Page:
England

Ex-West Ham player Blair Turgott 'gambled £16k of stolen money'

Blair Turgott denies fraud and converting criminal property Image copyright Getty Images
Image caption Blair Turgott denies fraud and converting criminal property

A former Premier League footballer gambled £16,000 using a card stolen from a pensioner, a court heard.

Ex-West Ham winger Blair Turgott, 23, is accused of withdrawing the cash before exchanging it for chips during a night at the Playboy casino in Mayfair.

Mr Turgott, who made one first-team appearance for the Hammers and is now signed to Maidstone, cashed out £900 in profit at the end of the night in 2016.

He denies fraud and converting criminal property at Southwark Crown Court.

Prosecutor Kaj Scarsbrook said the card used by Mr Turgott, from Bromley, was stolen from Peter Dixon, 85, on 30 September 2016.

The court heard Mr Dixon was called by someone posing as a Barclays Bank employee, who said he needed to collect the debit card so a new one could be issued.

Image copyright Getty Images
Image caption Blair Turgott made one first-team appearance for the Hammers and is now signed to Maidstone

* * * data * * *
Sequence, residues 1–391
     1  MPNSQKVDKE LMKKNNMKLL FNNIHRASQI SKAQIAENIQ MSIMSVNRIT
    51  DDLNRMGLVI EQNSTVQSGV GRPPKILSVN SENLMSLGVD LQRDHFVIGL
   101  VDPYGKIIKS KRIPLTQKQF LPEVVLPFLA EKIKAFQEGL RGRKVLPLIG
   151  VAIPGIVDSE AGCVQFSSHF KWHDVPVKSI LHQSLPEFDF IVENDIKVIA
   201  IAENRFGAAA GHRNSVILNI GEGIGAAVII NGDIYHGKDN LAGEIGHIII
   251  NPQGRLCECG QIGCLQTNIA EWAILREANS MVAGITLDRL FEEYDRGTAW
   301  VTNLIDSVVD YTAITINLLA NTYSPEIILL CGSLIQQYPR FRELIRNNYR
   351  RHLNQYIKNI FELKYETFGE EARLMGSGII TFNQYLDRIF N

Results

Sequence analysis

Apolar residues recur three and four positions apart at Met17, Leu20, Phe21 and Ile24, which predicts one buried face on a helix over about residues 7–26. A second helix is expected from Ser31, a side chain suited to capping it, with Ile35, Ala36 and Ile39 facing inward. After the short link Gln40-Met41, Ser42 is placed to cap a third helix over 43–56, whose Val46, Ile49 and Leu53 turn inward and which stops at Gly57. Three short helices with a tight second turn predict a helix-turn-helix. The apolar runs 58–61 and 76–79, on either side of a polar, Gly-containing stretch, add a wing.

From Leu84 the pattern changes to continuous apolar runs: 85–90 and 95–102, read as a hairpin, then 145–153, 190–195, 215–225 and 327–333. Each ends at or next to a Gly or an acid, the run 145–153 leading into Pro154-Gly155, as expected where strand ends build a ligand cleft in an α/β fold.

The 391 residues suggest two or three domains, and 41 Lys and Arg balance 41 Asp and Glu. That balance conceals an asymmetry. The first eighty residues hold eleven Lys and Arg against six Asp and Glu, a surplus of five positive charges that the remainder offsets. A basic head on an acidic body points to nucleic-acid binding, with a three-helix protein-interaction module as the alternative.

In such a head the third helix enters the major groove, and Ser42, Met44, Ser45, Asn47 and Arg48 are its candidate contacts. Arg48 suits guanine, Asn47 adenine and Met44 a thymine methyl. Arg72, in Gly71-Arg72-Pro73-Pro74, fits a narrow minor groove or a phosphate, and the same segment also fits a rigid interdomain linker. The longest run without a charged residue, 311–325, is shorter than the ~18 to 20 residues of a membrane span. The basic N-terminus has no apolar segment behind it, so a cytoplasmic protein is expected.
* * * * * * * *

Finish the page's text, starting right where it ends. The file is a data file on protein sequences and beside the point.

Shortly after, a man in his 20s knocked on his door and Mr Dixon handed over his card.

Jurors heard about £16,000 was taken from Mr Dixon's current account, with CCTV showing Mr Turgott making two £8,000 withdrawals at the Park Lane casino before spending the evening gambling.

The victim said he feels "foolish at handing my card over" and that the funds were intended for his children's inheritance.

Mr Turgott claimed he was given Mr Dixon's card and PIN number by his gambling friend, Ali, who owed him for help with a Ugandan property development.

He said: "He was a friend to me for a long time. Obviously, I trusted him."

Mr Turgott claimed Ali met him outside the casino on 30 September 2016 to repay the debt.

The footballer said he was "confused" when Ali gave him a credit card with Mr Dixon's name on it.

But he was reassured when Ali showed him a WhatsApp conversation, which purported to show Mr Dixon giving permission for the use of his card.

Mr Turgott said: "As I trusted him, I thought that was genuine."

The trial continues.

More on this story

Related Internet links

The BBC is not responsible for the content of external Internet sites